Mojo is one of the most promis­ing ways of de­liv­er­ing journalism to­day be­cause you’re not only record­ing or cover­ing news for mo­bile, you are do­ing it with mo­bile.

Do­ing it with mo­bile changes a lot of things be­cause it is ten times less ex­pen­sive to do it with an iPhone than with a big cam­era. To­day it’s good enough and to­mor­row it will be more than good enough with amaz­ing im­age sta­bi­liza­tion, bet­ter fo­cus and pic­ture qual­ity in newer smart­phones.

With ev­ery catas­tro­phe or dis­as­ter, you will have lo­cal peo­ple shoot­ing scenes, but a pro­fes­sional has to be there as well to dou­ble check the user gen­er­ated con­tent. So the pro­fes­sional jour­nal­ist has to be aware of, and to be­gin to use, this tech­nol­ogy. In­ter­est­ingly, one of the larger pri­vate TV chan­nels in France (BFMTV Paris) has man­dated that all of its jour­nal­ists must shoot video with their iPhones.

How big a role will cit­i­zen jour­nal­ists play in the fu­ture of mo­bile journalism?

I don’t be­lieve in the world of cit­i­zen journalism; I don’t like the ex­pres­sion be­cause, just as we don’t have cit­i­zen den­tists or pi­lots, we can­not have cit­i­zen jour­nal­ists.

I be­lieve in tes­ti­mony from the crowd, from the peo­ple on the ground who can share what’s hap­pen­ing on the so­cial net­works. But ev­ery­thing must be val­i­dated by the pro­fes­sional news­room to en­sure it’s fac­tual in terms of what hap­pened, where it hap­pened and when, be­fore it is pub­lished. There is just too much crap on so­cial net­works and we need pro­fes­sion­als to make sense of it all.

As a pro­fes­sor of en­tre­pre­neur­ial journalism, do you be­lieve that the rise of the en­tre­pre­neur­ial jour­nal­ist can help save the me­dia?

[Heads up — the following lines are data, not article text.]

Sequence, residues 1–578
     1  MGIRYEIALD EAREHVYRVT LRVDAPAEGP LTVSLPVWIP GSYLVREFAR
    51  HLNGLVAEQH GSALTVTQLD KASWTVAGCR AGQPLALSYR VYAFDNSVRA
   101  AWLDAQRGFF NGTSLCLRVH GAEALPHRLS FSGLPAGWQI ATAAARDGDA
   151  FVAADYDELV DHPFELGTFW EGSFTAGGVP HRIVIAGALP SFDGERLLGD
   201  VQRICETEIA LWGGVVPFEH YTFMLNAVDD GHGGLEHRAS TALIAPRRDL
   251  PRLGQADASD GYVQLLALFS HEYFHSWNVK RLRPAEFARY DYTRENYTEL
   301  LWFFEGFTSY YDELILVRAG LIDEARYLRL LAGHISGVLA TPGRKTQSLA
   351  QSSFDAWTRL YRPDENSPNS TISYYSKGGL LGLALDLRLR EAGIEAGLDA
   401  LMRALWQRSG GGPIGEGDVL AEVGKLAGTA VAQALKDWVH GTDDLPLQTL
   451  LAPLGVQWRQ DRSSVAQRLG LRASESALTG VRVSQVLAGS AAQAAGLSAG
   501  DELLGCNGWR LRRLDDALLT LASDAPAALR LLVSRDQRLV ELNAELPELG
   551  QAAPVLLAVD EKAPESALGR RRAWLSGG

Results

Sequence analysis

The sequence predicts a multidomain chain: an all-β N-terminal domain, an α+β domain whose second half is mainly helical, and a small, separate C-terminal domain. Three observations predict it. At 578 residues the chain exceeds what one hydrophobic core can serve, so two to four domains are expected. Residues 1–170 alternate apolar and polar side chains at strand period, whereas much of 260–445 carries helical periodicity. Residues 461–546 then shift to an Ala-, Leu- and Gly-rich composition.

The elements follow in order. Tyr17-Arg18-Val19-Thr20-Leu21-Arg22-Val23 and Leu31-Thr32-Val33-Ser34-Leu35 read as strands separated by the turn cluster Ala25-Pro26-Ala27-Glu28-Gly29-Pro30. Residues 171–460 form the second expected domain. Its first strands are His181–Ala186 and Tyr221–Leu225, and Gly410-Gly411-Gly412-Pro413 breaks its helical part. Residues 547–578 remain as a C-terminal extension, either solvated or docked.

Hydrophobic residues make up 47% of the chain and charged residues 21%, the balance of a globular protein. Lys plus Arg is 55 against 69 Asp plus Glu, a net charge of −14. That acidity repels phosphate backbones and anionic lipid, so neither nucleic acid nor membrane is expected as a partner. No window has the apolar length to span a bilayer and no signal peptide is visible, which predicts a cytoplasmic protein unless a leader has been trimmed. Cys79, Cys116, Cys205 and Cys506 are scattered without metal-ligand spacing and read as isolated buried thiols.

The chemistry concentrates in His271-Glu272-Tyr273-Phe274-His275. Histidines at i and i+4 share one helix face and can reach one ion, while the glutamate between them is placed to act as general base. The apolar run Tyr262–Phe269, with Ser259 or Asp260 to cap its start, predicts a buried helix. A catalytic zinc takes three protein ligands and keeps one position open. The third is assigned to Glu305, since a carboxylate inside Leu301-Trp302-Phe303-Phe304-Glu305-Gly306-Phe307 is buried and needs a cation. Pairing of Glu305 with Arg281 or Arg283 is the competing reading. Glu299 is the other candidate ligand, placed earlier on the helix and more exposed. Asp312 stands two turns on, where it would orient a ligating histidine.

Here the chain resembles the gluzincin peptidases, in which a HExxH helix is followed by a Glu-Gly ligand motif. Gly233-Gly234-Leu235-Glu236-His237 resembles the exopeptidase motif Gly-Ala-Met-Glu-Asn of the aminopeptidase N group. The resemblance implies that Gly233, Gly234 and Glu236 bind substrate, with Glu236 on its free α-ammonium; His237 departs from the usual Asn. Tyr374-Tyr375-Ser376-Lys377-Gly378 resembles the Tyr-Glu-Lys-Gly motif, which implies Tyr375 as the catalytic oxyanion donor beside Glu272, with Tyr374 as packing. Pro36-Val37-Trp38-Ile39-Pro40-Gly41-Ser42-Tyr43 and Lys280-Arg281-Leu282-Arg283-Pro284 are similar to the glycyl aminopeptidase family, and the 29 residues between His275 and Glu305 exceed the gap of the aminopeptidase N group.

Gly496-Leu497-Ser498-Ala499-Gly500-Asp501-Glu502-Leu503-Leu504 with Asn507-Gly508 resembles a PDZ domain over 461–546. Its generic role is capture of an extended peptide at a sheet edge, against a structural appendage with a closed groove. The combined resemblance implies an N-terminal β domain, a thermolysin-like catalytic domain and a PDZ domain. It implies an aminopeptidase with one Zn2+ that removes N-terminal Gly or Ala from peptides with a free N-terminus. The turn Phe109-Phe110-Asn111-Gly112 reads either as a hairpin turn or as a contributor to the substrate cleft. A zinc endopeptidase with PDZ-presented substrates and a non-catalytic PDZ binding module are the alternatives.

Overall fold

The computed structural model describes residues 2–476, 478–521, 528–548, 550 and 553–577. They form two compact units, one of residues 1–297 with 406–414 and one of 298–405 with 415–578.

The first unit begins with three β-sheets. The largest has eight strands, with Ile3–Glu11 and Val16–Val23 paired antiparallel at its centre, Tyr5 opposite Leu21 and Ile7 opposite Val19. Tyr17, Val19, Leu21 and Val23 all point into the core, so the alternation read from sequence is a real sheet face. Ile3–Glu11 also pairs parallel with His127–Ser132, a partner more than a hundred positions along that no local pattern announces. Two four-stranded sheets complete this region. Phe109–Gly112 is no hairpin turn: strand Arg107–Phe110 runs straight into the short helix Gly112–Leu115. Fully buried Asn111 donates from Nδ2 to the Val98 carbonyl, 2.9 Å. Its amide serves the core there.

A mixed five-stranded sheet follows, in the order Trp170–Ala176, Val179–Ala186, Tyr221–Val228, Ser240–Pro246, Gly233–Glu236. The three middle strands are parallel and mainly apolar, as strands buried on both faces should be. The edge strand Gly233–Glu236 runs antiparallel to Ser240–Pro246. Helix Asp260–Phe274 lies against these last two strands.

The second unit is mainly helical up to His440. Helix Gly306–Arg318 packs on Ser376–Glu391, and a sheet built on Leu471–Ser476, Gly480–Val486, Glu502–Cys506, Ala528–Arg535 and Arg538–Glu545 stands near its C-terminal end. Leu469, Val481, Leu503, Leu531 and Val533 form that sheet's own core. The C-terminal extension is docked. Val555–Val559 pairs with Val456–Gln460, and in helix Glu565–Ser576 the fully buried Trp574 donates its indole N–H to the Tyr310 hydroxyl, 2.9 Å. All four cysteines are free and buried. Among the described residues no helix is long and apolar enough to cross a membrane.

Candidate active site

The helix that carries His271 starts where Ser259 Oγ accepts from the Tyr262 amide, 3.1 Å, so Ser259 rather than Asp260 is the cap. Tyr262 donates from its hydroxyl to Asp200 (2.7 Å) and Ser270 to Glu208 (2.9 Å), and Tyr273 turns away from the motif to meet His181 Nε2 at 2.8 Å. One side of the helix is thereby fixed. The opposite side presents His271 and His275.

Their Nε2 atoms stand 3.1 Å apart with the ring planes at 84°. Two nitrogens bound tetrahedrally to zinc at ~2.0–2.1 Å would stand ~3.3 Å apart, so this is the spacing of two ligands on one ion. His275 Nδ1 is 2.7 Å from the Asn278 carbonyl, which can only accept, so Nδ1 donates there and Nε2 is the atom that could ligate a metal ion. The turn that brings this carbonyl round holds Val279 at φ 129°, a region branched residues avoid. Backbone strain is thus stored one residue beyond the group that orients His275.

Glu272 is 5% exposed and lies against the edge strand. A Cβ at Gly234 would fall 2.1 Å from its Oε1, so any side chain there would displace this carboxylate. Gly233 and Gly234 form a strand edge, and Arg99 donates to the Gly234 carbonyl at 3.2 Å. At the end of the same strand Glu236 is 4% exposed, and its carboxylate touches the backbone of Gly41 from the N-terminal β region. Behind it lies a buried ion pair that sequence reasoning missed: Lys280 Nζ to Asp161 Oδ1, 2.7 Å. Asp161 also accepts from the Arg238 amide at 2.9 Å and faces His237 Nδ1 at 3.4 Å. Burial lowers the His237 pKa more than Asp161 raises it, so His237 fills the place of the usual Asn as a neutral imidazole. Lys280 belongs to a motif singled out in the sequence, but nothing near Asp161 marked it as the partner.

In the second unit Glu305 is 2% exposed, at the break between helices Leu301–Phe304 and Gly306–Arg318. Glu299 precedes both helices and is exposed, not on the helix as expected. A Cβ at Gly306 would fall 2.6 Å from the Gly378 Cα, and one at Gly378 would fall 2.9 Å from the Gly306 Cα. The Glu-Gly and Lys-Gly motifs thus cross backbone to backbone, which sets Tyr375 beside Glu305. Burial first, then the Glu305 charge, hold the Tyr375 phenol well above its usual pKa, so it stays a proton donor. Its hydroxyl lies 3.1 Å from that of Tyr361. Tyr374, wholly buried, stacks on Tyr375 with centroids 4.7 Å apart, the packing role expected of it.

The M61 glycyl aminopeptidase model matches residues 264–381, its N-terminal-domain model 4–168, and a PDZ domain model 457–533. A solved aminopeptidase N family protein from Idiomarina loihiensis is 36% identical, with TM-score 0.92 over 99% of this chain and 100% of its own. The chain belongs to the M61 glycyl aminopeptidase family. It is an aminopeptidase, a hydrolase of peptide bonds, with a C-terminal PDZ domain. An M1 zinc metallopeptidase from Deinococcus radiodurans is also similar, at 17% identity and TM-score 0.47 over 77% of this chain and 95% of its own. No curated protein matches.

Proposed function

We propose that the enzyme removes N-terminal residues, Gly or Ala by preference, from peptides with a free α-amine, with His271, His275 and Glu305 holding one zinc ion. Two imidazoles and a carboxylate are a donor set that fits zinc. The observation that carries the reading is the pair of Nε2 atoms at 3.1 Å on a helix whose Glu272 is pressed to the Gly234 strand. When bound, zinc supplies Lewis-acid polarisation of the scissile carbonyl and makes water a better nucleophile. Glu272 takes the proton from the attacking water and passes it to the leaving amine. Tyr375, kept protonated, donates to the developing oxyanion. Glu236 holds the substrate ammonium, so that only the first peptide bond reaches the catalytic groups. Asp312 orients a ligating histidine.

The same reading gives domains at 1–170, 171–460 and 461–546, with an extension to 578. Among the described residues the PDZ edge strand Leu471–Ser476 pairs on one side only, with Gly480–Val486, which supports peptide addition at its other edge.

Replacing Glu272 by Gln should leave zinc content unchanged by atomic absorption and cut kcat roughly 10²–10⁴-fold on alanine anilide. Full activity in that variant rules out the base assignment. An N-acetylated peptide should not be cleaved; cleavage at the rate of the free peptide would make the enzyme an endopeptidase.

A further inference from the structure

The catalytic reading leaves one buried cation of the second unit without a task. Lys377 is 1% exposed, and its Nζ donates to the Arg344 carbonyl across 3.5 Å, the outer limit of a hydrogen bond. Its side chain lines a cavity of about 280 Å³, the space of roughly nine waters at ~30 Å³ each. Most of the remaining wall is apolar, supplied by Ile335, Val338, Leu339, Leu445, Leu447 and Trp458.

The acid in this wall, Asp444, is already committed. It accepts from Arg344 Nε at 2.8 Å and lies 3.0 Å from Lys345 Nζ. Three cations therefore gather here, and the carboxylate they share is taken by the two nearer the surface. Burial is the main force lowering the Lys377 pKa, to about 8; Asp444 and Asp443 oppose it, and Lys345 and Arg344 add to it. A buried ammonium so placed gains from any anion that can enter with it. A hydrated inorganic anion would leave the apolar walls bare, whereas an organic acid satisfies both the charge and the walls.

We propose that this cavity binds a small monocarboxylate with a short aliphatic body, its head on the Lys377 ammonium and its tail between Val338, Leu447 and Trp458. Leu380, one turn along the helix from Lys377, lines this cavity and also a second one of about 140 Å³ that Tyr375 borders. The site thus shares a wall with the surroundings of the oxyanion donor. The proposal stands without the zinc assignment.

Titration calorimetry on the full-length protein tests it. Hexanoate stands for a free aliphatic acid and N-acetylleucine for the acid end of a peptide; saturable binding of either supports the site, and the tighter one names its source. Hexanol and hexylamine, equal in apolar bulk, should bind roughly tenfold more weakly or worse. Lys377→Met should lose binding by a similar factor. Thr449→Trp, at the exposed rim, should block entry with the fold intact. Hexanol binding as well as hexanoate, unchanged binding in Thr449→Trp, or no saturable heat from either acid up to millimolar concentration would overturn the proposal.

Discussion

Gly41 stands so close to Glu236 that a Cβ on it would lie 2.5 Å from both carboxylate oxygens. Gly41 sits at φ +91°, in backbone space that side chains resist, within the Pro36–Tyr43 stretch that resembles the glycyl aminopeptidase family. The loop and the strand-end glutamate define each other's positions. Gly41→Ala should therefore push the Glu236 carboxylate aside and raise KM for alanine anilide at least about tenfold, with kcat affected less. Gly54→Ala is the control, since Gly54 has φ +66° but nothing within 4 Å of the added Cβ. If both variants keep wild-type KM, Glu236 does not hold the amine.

It’s tough to be a pro­fes­sor in a journalism school to­day, be­cause as ev­ery­one knows journalism is strug­gling through­out North Amer­ica and Europe. Jour­nal­ists are un­der a lot of stress be­cause their job has few re­wards.

How­ever, I be­lieve that to­day’s gen­er­a­tion who is en­ter­ing into this new world of dig­i­tal journalism, has for the first time in his­tory the op­por­tu­nity to cre­ate their own me­dia, ei­ther alone or with a small group. They have a good sense of me­dia; they just need to also un­der­stand the fun­da­men­tals of busi­ness and dig­i­tal tech­nol­ogy.

Be­fore this new era, you had to work for a news­pa­per, a mag­a­zine, a TV, or a ra­dio, full stop. To­day you can build your own me­dia, and I think it’s amaz­ing. That’s why I am teach­ing en­tre­pre­neur­ial journalism - to give stu­dents the free­dom, if they have a good idea that is not ad­dressed to­day by main­stream me­dia, to do it on their own, or at least to bring smart in­no­va­tion to old me­dia.

Do you see tra­di­tional pub­lish­ers go­ing away at any point, be­ing re­placed by these en­trepreneurs?

Not yet, no. The big me­dia or­ga­ni­za­tions are still well es­tab­lished and that’s fine; there is room for ev­ery­one. Main­stream me­dia has tremen­dous re­sources, staff, and skills to of­fer. On the other hand, they can­not do ev­ery­thing. I think en­tre­pre­neur­ial jour­nal­ists can bet­ter ad­dress the needs of a com­mu­nity, a lo­cal need. I be­lieve sys­tems should be in place to sup­port that model, be­cause the cost of do­ing this type of me­dia is not zero, but it’s close to zero.

In your 2015 key­note at MIPFor­mats, you talked about to­day’s news con­sumer, say­ing they are al­ways mo­bile, so­cial and in­ter­ac­tive. And yet many pub­lish­ers are shut­ting down com­ment­ing on their sites and driv­ing read­ers away from their own web­sites to so­cial. What ad­vice would you give pub­lish­ers in terms of en­gag­ing to­day’s par­tic­i­pa­tory con­sumer?

You have to be where the au­di­ence is, and to­day the au­di­ence is on so­cial me­dia. That is why pub­lish­ers are clos­ing com­ments and post­ing news di­rectly on so­cial me­dia.